This is an appeal from a judgment and decree of the High Court of Judicature at Bombay, in its civil appellate jurisdiction, dated 1st April 1934, which affirmed a judgment and decree of that Court in its original jurisdiction, dated 16th October 1942, whereby the suit of the appellants against the respondents was dismissed.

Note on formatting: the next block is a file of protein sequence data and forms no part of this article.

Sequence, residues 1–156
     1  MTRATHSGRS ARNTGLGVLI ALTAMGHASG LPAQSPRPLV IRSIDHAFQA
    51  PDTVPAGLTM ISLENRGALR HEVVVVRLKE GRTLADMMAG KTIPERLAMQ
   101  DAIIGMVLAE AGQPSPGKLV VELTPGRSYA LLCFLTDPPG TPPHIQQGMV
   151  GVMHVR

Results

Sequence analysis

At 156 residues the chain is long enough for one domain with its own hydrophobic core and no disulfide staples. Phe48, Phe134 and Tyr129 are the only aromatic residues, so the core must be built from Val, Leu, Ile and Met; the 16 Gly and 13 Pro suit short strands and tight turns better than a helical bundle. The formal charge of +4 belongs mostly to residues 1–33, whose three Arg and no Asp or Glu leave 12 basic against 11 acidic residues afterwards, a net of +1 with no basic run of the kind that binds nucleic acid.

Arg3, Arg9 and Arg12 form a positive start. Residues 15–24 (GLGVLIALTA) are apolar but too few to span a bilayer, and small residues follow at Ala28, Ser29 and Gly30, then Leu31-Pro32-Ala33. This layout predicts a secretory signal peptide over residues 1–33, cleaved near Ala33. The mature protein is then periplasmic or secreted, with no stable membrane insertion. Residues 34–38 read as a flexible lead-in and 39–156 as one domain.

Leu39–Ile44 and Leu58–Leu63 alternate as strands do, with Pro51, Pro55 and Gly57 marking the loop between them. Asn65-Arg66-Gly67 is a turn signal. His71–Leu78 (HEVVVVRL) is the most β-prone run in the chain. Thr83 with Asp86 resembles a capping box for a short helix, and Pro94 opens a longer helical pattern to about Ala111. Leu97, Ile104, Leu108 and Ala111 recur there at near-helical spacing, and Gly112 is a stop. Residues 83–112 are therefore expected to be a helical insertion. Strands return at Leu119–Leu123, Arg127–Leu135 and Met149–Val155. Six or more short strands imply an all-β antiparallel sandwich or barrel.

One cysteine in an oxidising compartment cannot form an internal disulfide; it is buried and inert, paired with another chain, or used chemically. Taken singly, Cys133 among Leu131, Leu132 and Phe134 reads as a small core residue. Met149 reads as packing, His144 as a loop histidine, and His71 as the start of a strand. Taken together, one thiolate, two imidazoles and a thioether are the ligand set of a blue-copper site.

In the suit the appellants challenged the actions of respondent 2 who is the Municipal Commissioner for the City of Bombay, purporting to be taken under the City of Bombay Municipal Act, 1888 (Bombay Act No. 3 [III] of 1888) in the course of development of the Mahim district of the City, and, in particular, of an area, which included the land now occupied by the Shivaji Park, and the surrounding land, which included the plot of land now owned by the appellants. The appellants originally challenged the bona fides of respondent 2 who may be referred to as the Municipal Commissioner, as well as the validity of his actions, but the former ground was no longer maintained before this Board. In 1918 the Municipal Corporation of Bombay, who are respondents 1 in this appeal, resolved to proceed with a scheme for the development of the Mahim district, which provided for an open space or park for recreational purposes to be known as Shivaji Park, abutting on the sea on its western boundary and to be otherwise surrounded by a residential area. Among the lands, the acquisition of which was rendered necessary by the scheme, was a plot of land containing 4428 square yards, owned by one Mantri, and lying to the north of the proposed park. An agreement was made in 1921 between the Municipal Corporation and Mantri, under which Mantri agreed to surrender the major portion of his plot, in consideration of the retention by him of the remaining portion, and the conveyance to him by the Municipal Corporation of an adjoining plot. As the result of this agreement Mantri became the owner of a rectangular plot containing 1400 square yards, with a frontage to the north on the 60 feet road which was to be constructed as a part of the scheme, and this plot became plot No. 141 of the Shivaji Park Scheme. In 1923 the special engineer in charge of the development works asked Mantri to agree to certain restrictions on building, including a restriction on building within 15 feet of a public street, but Mantri did not agree. Mantri died in 1926, and his legal representatives sold his plot to Shamrao Raghunath Raote, the contract being completed by two deeds of conveyance, in favour of the purchaser, both dated 9th September 1932, the first deed being a conveyance from Mantri's representatives, and the second from the Municipal Corporation. Under these conveyances the purchaser acquired a freehold estate in the plot, no restrictions being imposed by the terms of the deeds on the user of the property. In 1940 Raote sold the plot to the plaintiffs in the present suit, which raises questions as to the power of the Municipal Commissioner to impose building restrictions in respect of the plot.